The pandemic may also provide time for some training and upskilling of volunteers, especially in the digital arena. Consider what tools and resources volunteers may need to undertake their roles differently, and involve volunteers in this conversation, so they are part of the solutions. People across the generations have become adept at using digital communication tools such as Skype and Zoom and using such platforms to deliver volunteer training will help your organisation hit the ground running, post lock-down.

Questions to consider


Culture, innovation and behaviours

Culture, innovation and behaviours

Definition of culture: ‘The way of life, especially the general customs and beliefs, of a particular group of people at a particular time.’

Much focus has been given to organisational culture over the last few years and significant investment of both time and money has been made by organisations in exploring what staff, volunteers and external stakeholders think about culture, what needs to change and how that change can be brought about. Stories abound of how difficult it is to effect cultural change… and then there was coronavirus. Overnight, organisations saw new ways of working taking effect, teams working quickly and with agility, log jammed projects being delivered at lighting speed and new and innovative ways of fundraising being activated.

I have seen more innovation in the last month than in my entire time in the sector.

Kate Lee, Chief Executive Alzheimer’s Society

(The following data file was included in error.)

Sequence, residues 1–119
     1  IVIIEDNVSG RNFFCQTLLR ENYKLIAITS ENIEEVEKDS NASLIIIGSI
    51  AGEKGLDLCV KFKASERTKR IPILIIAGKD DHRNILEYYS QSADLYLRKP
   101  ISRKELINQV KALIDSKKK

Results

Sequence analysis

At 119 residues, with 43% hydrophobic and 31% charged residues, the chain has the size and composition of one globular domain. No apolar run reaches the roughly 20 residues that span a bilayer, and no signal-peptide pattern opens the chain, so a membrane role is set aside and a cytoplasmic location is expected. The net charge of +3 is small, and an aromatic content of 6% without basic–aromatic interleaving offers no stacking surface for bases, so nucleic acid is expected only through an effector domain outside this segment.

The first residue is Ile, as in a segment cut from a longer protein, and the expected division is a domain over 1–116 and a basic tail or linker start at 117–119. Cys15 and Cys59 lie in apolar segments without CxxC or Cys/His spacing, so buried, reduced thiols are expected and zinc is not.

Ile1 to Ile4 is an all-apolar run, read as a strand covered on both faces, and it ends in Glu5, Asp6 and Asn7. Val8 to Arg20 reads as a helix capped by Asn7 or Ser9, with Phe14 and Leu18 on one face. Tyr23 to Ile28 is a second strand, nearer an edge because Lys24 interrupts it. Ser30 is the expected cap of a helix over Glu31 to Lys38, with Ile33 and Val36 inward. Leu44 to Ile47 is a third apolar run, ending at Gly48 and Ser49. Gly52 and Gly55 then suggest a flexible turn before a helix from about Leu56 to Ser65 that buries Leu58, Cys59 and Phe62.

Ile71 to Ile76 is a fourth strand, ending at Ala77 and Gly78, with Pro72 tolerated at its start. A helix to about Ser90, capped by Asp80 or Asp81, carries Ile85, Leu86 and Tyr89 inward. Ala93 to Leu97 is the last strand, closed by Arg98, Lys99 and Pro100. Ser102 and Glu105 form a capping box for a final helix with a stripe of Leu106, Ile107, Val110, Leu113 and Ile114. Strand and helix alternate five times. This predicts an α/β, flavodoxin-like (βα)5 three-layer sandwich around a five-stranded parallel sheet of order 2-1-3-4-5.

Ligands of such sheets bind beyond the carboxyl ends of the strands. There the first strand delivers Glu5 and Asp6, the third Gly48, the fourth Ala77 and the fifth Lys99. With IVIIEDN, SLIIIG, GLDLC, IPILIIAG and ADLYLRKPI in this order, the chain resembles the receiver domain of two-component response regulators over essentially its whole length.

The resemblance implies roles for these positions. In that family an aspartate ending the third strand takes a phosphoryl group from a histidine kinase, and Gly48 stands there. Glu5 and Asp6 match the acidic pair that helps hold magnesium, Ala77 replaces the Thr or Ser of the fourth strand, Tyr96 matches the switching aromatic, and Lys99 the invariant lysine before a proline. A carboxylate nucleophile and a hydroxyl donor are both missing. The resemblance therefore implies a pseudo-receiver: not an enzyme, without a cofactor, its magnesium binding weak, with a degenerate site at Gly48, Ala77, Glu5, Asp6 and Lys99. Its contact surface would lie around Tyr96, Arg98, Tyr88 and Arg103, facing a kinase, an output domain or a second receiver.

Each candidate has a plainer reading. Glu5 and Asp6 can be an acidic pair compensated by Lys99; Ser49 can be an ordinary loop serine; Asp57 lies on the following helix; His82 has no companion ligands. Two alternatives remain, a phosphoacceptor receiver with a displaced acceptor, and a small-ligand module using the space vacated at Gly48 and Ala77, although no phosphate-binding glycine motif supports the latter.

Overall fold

And perhaps most importantly, the pandemic has put fundraising centre stage and for some organisations, has kick started the emergence of a culture that is more supportive, and understanding of the pressures placed on, income generating activities.

For many organisations this has led to increased response rates, and levels of income generated through emergency appeals that could previously only be dreamt of. And while this has not plugged the shortfall in income for many organisations, fundraising success has certainly helped in the shift towards a fundraising-friendly culture.

Culture, innovation and behaviours
Culture, innovation and behaviours

So now the question is, how do organisations make this new culture stick? How can the slide back towards less integrated and collaborative working, slowed down by cumbersome process, be avoided? How can individuals retain the sense of empowerment and ownership many have experienced? And importantly, what new shared beliefs have emerged?